Abstract

The extraordinary year-to-year continuity in the list of top Cold War aerospace suppliers has led many analysts to adopt theories of a military-industrial complex (MIC). The collapse of the Curtiss-Wright Corporation, once the second-largest manufacturer in the United States and a leading defense contractor, belies their approach. This article recounts the histories of Curtiss-Wright’s three independent divisions and uses these to test the MIC theory against three other explanations of the pattern of Cold War defense procurement: the technological imperative, the bureaucratic-strategic perspective, and free-market competition. The bureaucratic-strategic theory is most consistent with the case-study evidence.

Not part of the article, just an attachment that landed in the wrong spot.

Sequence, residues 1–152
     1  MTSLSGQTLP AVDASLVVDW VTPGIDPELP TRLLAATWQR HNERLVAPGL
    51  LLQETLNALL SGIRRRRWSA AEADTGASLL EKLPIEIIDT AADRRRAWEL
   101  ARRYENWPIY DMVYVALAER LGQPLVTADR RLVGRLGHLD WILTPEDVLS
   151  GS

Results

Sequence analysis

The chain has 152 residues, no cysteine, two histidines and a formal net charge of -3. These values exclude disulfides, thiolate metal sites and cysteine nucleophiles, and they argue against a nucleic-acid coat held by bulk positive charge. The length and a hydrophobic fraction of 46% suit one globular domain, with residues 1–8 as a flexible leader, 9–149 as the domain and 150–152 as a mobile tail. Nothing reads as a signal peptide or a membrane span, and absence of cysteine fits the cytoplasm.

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Additional Information

ISSN
1531-3298
Print ISSN
1520-3972
Pages
pp. 35-75
Launched on MUSE
2000-01-01
Open Access
No
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